Article 5 of 462
Napster a three-day deadline
Evening News - Scotland
A FEDERAL judge has told online music service Napster it
has three days to filter out the copyrighted music of the
world's major record companies, once the companies submit a
list of tracks they want barred to its users.
The music majors - which have pursued Napster through the
courts for enabling mass piracy - said the injunction finally
brings the fight close to an end.
"Napster will follow the District Court's order," said Hank
Barry, chief executive of Napster.
"Even before the court entered the order, we began making
efforts to comply with what we believed to be the dictates of
the circuit's ruling," he added.
An executive at one of the big five record companies said:
"It is a great victory for us. All the tracks will come off
and Napster will be left like MP3.com, with just a lot of
smaller artists online."
The legal ruling is likely to force a serious scaling back
of Napster's activities and, if it fails to comply with the
ruling, could result in it being shut down.
It is also being closely watched because of its
implications for music, books, movies and other entertainment
being distributed via the internet.
The order by Judge Marilyn Hall Patel will not have come as
a shock to Napster, as it pre-empted the ruling by starting to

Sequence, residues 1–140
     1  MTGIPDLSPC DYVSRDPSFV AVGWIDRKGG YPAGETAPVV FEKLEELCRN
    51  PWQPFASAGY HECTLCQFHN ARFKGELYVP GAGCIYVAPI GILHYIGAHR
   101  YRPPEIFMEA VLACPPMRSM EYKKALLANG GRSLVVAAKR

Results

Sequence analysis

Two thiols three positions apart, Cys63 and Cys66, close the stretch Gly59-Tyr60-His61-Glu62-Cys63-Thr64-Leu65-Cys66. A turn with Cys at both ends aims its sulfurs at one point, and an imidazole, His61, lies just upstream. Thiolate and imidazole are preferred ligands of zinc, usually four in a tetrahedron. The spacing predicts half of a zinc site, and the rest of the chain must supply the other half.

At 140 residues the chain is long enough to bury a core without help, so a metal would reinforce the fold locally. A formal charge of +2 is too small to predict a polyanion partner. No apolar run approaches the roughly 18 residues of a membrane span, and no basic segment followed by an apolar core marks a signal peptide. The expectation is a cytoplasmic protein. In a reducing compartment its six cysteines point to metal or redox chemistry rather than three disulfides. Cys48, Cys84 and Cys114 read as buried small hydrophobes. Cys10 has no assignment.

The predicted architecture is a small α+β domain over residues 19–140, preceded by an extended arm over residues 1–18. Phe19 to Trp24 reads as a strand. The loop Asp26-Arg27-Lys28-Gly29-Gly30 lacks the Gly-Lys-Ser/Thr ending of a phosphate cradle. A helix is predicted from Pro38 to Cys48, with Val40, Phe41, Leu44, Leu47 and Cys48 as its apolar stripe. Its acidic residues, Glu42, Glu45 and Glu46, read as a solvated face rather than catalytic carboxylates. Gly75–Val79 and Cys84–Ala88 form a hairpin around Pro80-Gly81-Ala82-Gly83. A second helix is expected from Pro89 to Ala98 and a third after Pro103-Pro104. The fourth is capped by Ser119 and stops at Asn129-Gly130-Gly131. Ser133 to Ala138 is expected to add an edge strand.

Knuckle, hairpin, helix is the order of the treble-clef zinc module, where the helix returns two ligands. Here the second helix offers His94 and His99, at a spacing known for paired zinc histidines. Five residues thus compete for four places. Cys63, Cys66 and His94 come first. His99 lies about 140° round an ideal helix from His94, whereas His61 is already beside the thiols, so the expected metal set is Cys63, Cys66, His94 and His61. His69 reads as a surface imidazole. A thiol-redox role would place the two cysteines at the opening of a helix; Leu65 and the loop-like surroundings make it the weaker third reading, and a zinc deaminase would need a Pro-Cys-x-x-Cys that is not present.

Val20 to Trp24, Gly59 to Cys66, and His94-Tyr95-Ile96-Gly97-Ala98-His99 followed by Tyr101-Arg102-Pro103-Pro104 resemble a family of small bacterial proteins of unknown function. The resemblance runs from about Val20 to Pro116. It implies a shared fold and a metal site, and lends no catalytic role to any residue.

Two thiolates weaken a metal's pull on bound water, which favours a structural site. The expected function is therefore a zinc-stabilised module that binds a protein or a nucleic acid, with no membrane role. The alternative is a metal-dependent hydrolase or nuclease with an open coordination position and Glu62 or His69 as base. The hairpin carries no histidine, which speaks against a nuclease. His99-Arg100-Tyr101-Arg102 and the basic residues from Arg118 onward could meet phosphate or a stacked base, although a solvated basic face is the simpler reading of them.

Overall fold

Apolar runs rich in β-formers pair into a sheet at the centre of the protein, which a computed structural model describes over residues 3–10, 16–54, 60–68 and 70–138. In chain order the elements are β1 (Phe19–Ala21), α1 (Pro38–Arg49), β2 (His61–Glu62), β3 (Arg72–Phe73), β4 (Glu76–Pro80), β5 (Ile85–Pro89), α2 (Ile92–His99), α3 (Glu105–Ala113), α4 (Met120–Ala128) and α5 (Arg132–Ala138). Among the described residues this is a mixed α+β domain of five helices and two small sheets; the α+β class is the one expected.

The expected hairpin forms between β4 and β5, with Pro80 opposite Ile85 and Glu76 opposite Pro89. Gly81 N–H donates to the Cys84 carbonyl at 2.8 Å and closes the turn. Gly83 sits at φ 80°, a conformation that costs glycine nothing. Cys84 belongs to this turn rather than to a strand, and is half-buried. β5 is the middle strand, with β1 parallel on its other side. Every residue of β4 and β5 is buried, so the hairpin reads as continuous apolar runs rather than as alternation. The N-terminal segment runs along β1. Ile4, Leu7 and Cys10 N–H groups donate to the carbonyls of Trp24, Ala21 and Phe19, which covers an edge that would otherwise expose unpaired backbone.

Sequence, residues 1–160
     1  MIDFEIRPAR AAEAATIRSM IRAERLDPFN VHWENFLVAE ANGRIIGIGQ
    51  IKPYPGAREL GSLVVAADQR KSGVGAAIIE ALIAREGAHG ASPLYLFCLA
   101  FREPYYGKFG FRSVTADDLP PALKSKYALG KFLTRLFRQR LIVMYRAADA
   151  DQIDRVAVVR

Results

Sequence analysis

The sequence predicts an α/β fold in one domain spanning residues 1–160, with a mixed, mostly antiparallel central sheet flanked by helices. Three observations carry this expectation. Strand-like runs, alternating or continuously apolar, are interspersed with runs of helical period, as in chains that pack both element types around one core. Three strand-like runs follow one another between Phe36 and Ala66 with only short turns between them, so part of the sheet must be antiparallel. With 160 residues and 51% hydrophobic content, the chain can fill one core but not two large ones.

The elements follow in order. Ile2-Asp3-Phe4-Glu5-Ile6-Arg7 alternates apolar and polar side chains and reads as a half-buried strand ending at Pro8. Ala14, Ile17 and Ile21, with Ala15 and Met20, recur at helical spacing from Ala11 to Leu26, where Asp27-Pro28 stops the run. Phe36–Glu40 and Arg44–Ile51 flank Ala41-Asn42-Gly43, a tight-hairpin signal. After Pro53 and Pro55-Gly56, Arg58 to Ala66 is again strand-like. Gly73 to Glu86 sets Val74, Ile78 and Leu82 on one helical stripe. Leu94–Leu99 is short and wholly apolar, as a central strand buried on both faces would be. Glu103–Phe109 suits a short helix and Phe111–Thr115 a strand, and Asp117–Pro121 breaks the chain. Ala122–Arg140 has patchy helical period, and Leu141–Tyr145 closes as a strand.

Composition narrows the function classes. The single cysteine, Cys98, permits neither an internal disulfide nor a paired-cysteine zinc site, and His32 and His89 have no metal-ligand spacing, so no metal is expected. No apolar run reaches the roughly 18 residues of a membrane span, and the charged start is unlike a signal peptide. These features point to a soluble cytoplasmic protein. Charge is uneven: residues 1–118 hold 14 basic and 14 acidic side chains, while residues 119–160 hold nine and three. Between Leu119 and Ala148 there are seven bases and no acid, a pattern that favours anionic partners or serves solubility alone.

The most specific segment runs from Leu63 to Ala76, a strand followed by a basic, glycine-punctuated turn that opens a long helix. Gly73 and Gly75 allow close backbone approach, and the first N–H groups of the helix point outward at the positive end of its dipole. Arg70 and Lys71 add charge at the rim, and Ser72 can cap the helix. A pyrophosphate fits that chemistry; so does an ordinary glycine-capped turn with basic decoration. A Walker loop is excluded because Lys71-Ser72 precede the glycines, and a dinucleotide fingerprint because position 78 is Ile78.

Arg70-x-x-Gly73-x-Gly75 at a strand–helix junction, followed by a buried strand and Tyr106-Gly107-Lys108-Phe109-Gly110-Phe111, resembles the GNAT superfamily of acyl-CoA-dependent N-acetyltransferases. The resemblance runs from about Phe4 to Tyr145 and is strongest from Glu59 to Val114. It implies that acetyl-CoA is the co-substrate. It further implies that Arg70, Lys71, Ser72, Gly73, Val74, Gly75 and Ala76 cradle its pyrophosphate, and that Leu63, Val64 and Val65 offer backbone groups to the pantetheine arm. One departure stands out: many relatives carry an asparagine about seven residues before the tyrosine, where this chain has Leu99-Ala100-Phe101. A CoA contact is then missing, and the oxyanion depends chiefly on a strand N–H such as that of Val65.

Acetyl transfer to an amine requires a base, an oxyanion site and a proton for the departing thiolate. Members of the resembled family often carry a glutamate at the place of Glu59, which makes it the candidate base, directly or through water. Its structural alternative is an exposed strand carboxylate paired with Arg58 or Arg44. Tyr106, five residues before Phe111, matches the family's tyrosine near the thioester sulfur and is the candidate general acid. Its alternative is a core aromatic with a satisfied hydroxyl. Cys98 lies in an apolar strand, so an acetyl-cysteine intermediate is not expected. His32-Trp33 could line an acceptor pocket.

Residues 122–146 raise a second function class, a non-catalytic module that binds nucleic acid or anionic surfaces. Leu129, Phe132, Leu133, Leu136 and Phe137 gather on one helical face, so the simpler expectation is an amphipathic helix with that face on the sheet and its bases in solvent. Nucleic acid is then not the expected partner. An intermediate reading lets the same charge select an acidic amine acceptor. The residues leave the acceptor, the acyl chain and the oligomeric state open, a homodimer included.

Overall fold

filter access to songs over the weekend - but huge numbers of
songs which should have been blocked could still be downloaded
free last night.
The Napster draft proposal to block copyrighted songs was
presented to the court last week - it represented a survival
plan that allows the site to continue operating on a reduced
scale as it seeks to transform itself into a legitimate
Last month Mr Barry laid out a GBP 680 million plan which
he hoped would prove acceptable to the big five labels: Sony,
Warner Music, EMI, Vivendi Universal and Bertelsmann. But so
far, the industry has not responded favourably.
Despite the deadline imposed by the court, many in the
music industry doubt whether the song-swapping service,
founded by Shawn Fanning, has the technology to protect
Even executives at Bertelsmann, the German media group
which has backed Napster, have acknowledged that there was a
possibility that it might be shut down for a while.
Thomas Middelhoff, Bertelsmann chief executive, has said
that Napster would launch as a fee-paying service from July 1.
An executive from the media group said: "On July 1, there
will be a new model up and running. Copyright will be
respected and everyone will be happy."
Nicholas Economides , an economics professor at New
York University, said he sees the decision as "the beginning
of the end for Napster, at least for Napster as a
A new destructive computer virus has struck at least 30
Called the "naked wife" virus, the program deletes almost
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The virus is attached to e-mails with the subject line:
"FW: Naked Wife", which contain a cartoon and vulgar message.